sh.sePublications
1314151617181916 of 23
CiteExportLink to record
Permanent link

Direct link
Cite
Citation style
  • apa
  • ieee
  • modern-language-association-8th-edition
  • vancouver
  • harvard-anglia-ruskin-university
  • Other style
More styles
Language
  • de-DE
  • en-GB
  • en-US
  • fi-FI
  • nn-NO
  • nn-NB
  • sv-SE
  • Other locale
More languages
Output format
  • html
  • text
  • asciidoc
  • rtf
Matrophobia and Uncanny Kinship: Eva Hoffman’s The Secret
Södertörn University, School of Culture and Education.
2018 (English)In: Humanities, ISSN 2076-0787, Vol. 7, no 4, article id 122Article in journal (Refereed) Published
Abstract [en]

Eva Hoffman, known primarily for her autobiography of exile, Lost in Translation: A Life in a New Language (1989), is also the author of a work of Gothic science fiction, set in the future. The Secret: A Fable for our Time (2001) is narrated by a human clone, whose discovery that she is the “monstrous” cloned offspring of a single mother emerges with growing discomfort at the uncanny similarities and tight bonds between her and her mother. This article places Hoffman’s use of the uncanny in relation to her understanding of Holocaust history and the condition of the postmemory generation. Relying on Freud’s definition of the uncanny as being “both very alien and deeply familiar,” she insists that “the second generation has grown up with the uncanny.” In The Secret, growing up with the uncanny leads to matrophobia, a strong dread of becoming one’s mother. This article draws on theoretical work by Adrienne Rich and Deborah D. Rogers to argue that the novel brings to “the matrophobic Gothic” specific insights into the uncanniness of second-generation experiences of kinship, particularly kinship between survivor mothers and their daughters.

Place, publisher, year, edition, pages
2018. Vol. 7, no 4, article id 122
Keywords [en]
postmemory; matrophobic gothic; gothic science fiction; memory; mother-daughter relations; Holocaust history; second generation; survivor mothers; daughters of survivors
Keywords [sv]
gotik, minne, mor-dotter relationer, andra generation, förintelsen
National Category
Languages and Literature
Research subject
Baltic and East European studies
Identifiers
URN: urn:nbn:se:sh:diva-36796DOI: 10.3390/h7040122Local ID: 2015/3.1./1364OAI: oai:DiVA.org:sh-36796DiVA, id: diva2:1264809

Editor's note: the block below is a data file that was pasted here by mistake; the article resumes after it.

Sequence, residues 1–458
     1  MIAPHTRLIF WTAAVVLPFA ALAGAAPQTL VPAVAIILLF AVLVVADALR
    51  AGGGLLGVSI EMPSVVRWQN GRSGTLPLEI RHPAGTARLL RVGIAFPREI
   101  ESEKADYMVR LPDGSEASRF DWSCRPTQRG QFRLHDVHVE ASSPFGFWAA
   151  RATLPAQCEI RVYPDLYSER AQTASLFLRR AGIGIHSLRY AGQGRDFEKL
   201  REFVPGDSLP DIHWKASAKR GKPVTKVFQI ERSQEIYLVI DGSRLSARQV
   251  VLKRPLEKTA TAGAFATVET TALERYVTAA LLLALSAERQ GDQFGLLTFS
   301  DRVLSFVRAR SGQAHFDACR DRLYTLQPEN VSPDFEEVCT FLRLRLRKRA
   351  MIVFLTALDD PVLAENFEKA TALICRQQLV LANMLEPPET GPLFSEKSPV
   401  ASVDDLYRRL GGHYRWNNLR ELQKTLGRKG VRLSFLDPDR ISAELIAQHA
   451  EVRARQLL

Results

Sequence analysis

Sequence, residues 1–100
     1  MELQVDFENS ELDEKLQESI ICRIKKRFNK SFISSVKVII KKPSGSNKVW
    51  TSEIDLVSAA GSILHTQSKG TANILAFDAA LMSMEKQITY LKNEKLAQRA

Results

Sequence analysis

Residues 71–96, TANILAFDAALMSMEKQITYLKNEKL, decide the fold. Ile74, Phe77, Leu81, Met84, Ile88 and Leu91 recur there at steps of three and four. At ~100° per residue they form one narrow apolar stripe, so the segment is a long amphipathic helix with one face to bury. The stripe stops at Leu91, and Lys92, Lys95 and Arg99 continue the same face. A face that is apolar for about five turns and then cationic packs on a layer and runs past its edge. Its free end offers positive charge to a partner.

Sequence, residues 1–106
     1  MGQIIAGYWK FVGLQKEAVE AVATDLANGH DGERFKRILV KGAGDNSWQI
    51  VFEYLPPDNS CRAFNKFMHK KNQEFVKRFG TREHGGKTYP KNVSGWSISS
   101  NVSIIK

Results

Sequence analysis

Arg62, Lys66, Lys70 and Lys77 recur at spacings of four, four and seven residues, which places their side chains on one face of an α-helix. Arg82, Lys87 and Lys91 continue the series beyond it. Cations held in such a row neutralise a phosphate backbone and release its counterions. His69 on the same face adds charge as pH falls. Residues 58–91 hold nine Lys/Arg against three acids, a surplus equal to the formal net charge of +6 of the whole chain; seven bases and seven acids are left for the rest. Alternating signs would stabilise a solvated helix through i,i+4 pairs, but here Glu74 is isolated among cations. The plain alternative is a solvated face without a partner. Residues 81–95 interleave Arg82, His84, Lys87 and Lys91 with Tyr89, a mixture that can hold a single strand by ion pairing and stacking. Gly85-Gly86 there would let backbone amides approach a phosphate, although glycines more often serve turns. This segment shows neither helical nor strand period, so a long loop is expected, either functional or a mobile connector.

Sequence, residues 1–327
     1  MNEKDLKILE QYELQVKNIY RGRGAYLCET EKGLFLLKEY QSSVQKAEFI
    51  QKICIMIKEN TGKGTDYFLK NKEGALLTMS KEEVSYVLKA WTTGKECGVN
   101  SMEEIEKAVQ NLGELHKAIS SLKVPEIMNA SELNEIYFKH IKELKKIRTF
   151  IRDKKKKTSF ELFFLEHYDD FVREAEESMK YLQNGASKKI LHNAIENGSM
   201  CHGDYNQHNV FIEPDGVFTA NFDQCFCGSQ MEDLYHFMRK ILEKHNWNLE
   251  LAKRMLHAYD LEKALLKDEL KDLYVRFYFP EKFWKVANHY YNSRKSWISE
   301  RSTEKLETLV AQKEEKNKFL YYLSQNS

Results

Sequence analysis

Projects
Remembering Poland and Eastern Europe: Nostalgia, Memory and Affect in Diasporic Women's Writing
Funder
The Foundation for Baltic and East European Studies, 2015/3.1./1364Available from: 2018-11-21 Created: 2018-11-21 Last updated: 2018-11-21Bibliographically approved

Open Access in DiVA

Matrophobia and Uncanny Kinship: Eva Hoffman’s The Secret(575 kB)8 downloads
File information
File name FULLTEXT01.pdfFile size 575 kBChecksum SHA-512
83f0d7bf017499aed3de3504e807c19072b6d32251d122d94b98d2c3810dae18540b24779fcfca6c22f8868b416b3c88600e41b9685d358d306c789475a685f4
Type fulltextMimetype application/pdf

Other links

Publisher's full text

Authority records BETA

Kella, Elizabeth

Search in DiVA

By author/editor
Kella, Elizabeth
By organisation
School of Culture and Education
Languages and Literature

Search outside of DiVA

GoogleGoogle Scholar
Total: 8 downloads
The number of downloads is the sum of all downloads of full texts. It may include eg previous versions that are now no longer available

doi
urn-nbn

Altmetric score

doi
urn-nbn
Total: 36 hits
1314151617181916 of 23
CiteExportLink to record
Permanent link

Direct link
Cite
Citation style
  • apa
  • ieee
  • modern-language-association-8th-edition
  • vancouver
  • harvard-anglia-ruskin-university
  • Other style
More styles
Language
  • de-DE
  • en-GB
  • en-US
  • fi-FI
  • nn-NO
  • nn-NB
  • sv-SE
  • Other locale
More languages
Output format
  • html
  • text
  • asciidoc
  • rtf